Sweeping changes to the NCAA enforcement model, including doing away with the controversial third-party process, have been proposed by a group representing all 130 FBS athletic directors. These recommendations come at a time when the NCAA is trying to reshape itself and stay relevant to an increasingly skeptical membership.
In a document obtained by CBS Sports, the Lead1 Association provided 16 bullet-point recommendations to the NCAA. Among those:
The Independent Accountability Resolution Process (IARP) — established 2018 in the wake of the FBI’s investigation into college basketball — has “major flaws”. The NCAA should consider “sunsetting” the IARP at the conclusion of the cases the NCAA pursued after the FBI brought criminal charges against coaches in September 2017. Until then, IARP decisions should be open to appeal. One of the more significant enforcement decisions in recent years was the NCAA making all IARP decisions final in what, by definition, were major, complex cases. Schools should get more consistent credit for self-reporting and cooperation in cases.The NCAA should cite “landmark” cases with major allegations to more effectively compare actions and set precedent. Lead1 cites a recent case where Missouri was docked a postseason bowl in football despite being recognized by the NCAA in an academic misconduct case. Bylaws on coach responsibility and academic fraud should be clearly defined.”Checks” should be established to mitigate the perception of bias by investigators.Penalties should punish “bad actors” rather than innocent athletes.When hiring staff, the NCAA should strongly consider those who have worked on campus as ADs and compliance officers.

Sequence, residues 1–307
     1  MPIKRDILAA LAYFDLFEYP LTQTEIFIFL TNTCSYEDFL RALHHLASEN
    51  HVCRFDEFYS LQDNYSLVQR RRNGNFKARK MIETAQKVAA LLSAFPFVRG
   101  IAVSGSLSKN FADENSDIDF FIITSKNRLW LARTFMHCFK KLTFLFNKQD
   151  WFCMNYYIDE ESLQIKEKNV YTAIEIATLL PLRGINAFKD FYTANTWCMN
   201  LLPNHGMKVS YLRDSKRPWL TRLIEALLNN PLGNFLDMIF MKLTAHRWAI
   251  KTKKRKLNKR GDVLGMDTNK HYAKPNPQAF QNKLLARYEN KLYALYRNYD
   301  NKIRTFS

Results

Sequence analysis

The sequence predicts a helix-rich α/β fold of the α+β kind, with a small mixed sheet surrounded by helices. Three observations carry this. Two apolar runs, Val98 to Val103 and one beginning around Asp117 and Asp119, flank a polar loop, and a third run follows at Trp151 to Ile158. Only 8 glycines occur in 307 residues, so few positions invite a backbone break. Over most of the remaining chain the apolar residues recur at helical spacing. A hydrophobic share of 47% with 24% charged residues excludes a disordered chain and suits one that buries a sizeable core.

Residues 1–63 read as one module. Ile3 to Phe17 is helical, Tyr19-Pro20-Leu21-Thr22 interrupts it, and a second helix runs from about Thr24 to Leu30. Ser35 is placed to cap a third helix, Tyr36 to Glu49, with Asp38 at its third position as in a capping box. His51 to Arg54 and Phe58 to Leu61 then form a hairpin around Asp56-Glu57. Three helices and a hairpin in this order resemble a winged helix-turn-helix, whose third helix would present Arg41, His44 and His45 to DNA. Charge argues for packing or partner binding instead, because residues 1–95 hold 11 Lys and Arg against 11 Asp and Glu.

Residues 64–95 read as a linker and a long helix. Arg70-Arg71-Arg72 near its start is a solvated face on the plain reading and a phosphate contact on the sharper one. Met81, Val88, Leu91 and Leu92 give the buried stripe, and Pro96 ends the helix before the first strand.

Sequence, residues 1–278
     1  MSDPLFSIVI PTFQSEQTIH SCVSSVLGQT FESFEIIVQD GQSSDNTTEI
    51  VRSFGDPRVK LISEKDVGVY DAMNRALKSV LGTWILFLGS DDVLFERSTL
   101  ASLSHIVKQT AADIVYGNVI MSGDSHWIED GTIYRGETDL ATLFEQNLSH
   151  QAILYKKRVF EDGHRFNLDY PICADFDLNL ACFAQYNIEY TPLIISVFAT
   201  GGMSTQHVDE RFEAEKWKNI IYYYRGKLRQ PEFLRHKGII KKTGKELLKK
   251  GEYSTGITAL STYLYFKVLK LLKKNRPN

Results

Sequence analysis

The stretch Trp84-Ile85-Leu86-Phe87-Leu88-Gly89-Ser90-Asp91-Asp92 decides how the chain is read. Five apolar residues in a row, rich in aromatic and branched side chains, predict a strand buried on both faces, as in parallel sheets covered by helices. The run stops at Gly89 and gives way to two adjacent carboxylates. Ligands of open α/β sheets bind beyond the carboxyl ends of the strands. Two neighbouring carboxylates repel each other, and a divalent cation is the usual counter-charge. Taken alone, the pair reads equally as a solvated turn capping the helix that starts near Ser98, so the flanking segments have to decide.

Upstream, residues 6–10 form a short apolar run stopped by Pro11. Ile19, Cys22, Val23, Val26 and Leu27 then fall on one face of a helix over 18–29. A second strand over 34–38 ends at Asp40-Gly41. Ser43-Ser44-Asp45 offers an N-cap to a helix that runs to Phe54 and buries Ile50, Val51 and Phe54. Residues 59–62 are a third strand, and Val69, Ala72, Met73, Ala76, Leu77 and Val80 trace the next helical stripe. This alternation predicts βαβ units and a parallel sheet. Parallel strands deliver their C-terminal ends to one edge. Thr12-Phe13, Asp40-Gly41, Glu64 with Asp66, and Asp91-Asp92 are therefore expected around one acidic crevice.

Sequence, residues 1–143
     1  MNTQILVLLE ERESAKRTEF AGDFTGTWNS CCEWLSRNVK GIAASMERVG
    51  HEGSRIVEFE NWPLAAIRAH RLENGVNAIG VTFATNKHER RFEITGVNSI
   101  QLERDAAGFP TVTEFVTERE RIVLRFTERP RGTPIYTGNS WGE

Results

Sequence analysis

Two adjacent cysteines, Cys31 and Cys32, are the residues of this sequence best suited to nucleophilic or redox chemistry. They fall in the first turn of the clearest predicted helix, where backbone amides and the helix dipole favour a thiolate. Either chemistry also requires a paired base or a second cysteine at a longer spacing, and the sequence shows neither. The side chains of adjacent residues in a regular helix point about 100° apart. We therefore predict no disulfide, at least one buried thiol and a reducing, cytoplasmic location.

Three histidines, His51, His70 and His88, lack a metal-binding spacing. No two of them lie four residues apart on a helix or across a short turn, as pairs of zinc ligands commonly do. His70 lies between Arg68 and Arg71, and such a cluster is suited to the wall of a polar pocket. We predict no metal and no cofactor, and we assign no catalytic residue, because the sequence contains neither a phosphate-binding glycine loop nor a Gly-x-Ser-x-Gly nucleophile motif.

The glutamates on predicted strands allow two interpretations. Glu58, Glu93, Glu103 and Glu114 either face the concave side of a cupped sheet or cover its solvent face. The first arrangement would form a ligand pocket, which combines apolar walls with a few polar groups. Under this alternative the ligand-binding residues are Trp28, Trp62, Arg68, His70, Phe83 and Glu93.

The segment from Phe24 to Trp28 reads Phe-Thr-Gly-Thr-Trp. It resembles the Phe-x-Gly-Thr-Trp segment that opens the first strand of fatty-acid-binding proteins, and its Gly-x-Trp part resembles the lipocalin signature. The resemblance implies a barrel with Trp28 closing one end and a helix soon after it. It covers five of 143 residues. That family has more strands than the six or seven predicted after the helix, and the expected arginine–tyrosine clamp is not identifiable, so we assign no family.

The recommendations carry weight at a time when the NCAA is attempting to rewrite its constitution. A significant part of that process is addressing enforcement. Lead1 established a working group in April chaired by BYU AD Tom Holmoe and Ohio State AD Gene Smith.
Also significant to the process, NCAA enforcement director Jon Duncan participated, though it’s not clear how much of his input was utilized.
The working group was concerned that major cases “take unreasonably long” and that schools are forced to spend large amounts of money on lawyers to “navigate the system”.
It was pointed out in the 84-page document that only 14 of the 24 members of the Division I Committee on Infractions have athletic administrative or compliance backgrounds. The document is signed by 74 of the 130 FBS ADs.
“If half of Congress supports something, it usually becomes law,” said Tom McMillen, Lead1’s president and chief executive officer. McMillen is a former member of the U.S. House of Representatives (1987-92).